NASA's Juno spacecraft has been studying Jupiter and the space around it for the last five and a half years. In June of 2021, nearly five years into its mission, Juno made an important pass by Ganymede, one of Jupiter's 79 known moons. On Juno's 34th trip around the Gas Giant, it made its closest approach to Ganymede. It was roughly 645 miles away from Ganymede's surface at the closest pass and traveling at a relative velocity of 41,600 mph according to NASA!

Ganymede
This image of the Jovian moon Ganymede was obtained by the JunoCam imager aboard NASA's Juno spacecraft during its June 7, 2021, flyby of the icy moon.
Credits: NASA/JPL-Caltech/SwRI/MSSS

This pass is interesting because Juno Principal Investigator Scott Bolton of the Southwest Research Institute in San Antonio made a tape. Using Juno's Waves instrument "which tunes in to electric and magnetic radio waves produced in Jupiter’s magnetosphere," Bolton collected those emissions and created an audio track by shifting the frequency of the emissions into the audio range so we could hear it. Click the video below to hear what he found:

This 50-second animation provides an auditory as well as visual glimpse at data collected by Juno’s Waves instrument as the spacecraft flew past the Jovian moon Ganymede on June 7, 2021. The abrupt change to higher frequencies around the midpoint of the recording represents the spacecraft's move from one region of Ganymede's magnetosphere to another.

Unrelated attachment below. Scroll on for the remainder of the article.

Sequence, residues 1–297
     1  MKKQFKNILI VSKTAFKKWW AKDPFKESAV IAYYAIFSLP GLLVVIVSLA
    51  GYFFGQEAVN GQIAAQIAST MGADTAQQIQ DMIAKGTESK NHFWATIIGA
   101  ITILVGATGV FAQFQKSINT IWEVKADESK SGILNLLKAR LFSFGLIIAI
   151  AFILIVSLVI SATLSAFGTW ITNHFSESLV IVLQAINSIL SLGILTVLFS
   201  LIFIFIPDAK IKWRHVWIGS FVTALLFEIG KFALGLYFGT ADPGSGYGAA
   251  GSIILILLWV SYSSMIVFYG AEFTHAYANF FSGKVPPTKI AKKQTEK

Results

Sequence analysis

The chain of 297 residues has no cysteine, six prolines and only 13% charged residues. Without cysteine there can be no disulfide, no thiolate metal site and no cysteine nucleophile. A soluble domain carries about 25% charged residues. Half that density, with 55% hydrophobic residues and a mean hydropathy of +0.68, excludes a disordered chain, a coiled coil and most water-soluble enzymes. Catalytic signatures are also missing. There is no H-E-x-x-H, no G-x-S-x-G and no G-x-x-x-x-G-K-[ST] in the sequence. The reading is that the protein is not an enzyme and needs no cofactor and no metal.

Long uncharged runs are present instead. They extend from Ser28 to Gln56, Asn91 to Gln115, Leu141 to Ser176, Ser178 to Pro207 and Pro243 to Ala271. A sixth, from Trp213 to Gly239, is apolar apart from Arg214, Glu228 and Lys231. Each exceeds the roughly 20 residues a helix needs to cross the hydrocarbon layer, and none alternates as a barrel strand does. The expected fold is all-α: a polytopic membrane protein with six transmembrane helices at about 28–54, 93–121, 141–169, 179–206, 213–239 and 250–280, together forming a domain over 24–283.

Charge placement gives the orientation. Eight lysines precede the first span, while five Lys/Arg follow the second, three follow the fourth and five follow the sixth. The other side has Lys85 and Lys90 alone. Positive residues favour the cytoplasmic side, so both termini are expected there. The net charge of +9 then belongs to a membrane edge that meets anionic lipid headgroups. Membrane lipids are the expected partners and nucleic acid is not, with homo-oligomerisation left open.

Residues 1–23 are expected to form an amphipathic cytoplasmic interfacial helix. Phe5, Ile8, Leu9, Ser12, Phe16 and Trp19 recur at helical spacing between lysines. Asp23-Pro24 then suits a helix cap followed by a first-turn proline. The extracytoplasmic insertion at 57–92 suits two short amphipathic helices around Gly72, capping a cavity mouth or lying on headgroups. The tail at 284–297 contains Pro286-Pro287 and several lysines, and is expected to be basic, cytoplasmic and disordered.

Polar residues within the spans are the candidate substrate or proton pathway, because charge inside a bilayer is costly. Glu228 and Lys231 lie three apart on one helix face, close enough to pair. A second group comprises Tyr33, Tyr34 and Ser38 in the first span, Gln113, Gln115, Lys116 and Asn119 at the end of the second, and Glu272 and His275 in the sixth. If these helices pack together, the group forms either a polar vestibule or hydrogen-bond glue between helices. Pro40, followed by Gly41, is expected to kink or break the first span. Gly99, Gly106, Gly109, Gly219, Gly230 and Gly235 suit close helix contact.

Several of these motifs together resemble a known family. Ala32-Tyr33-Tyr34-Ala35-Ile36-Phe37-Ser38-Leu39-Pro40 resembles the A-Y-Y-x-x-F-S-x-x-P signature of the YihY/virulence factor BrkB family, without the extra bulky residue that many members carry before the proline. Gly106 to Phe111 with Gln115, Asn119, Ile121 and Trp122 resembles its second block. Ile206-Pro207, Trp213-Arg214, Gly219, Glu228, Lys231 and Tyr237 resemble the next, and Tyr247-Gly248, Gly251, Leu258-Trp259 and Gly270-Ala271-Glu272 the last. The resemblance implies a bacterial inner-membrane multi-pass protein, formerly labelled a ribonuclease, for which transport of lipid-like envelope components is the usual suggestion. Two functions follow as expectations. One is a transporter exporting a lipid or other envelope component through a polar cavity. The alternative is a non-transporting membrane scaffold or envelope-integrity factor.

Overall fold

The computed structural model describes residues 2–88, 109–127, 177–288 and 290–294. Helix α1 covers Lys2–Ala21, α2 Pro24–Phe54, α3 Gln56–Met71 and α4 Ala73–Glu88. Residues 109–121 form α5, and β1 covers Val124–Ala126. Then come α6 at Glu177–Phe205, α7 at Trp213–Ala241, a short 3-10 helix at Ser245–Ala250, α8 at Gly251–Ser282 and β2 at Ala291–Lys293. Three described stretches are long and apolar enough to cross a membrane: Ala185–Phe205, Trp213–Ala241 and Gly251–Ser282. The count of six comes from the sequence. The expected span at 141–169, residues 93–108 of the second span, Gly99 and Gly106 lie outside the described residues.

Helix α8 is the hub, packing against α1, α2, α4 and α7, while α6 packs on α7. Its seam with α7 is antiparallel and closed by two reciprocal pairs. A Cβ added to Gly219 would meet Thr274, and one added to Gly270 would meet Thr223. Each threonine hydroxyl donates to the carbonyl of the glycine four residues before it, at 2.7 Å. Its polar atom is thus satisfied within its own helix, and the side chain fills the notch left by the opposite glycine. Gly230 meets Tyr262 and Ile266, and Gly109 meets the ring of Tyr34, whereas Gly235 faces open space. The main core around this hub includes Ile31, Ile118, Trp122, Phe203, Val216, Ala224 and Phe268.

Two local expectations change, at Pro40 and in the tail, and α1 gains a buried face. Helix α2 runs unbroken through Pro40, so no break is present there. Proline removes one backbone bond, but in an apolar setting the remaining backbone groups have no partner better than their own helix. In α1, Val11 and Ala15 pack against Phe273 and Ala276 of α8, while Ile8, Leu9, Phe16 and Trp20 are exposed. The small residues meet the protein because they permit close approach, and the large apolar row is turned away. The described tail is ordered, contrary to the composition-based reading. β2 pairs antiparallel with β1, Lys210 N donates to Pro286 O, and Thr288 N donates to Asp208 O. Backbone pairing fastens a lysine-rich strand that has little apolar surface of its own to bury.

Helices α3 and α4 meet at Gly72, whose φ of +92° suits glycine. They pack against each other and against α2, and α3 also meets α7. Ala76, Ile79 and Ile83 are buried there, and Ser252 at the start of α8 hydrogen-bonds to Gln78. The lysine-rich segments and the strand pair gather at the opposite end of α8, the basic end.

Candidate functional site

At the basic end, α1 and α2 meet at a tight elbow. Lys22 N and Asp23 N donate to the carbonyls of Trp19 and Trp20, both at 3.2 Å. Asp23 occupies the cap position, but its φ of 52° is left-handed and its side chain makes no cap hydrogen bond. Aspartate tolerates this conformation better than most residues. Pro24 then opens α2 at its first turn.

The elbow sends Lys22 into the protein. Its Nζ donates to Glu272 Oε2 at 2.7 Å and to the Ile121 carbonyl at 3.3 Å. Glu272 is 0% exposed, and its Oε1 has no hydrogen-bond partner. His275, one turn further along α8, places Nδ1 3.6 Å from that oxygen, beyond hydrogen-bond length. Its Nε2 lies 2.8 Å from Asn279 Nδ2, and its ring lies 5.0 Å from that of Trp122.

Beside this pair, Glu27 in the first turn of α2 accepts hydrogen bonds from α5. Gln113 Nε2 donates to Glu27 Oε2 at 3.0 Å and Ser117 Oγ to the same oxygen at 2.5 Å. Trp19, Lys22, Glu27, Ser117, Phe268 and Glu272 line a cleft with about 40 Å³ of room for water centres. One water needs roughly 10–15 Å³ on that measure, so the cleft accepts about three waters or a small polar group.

The audio track is made by shifting the frequency of those emissions — which range from 10 to 50 kHz — into the lower audio range

The animation is shorter than the duration of Juno's flyby because the Waves data is edited onboard to reduce telemetry requirements.

More information about Juno is at https://www.nasa.gov/juno and https://missionjuno.swri.edu. For more about this finding and other science results, see https://www.missionjuno.swri.edu/science-findings.

Inage Credit: NASA/JPL-Caltech/SwRI/Univ of Iowa

Juno's prime mission was completed in July 2021, one month after this data was collected and roughly five years after the mission began. Because the spacecraft is still operating well and finding such good information, its mission has been extended until September 2025.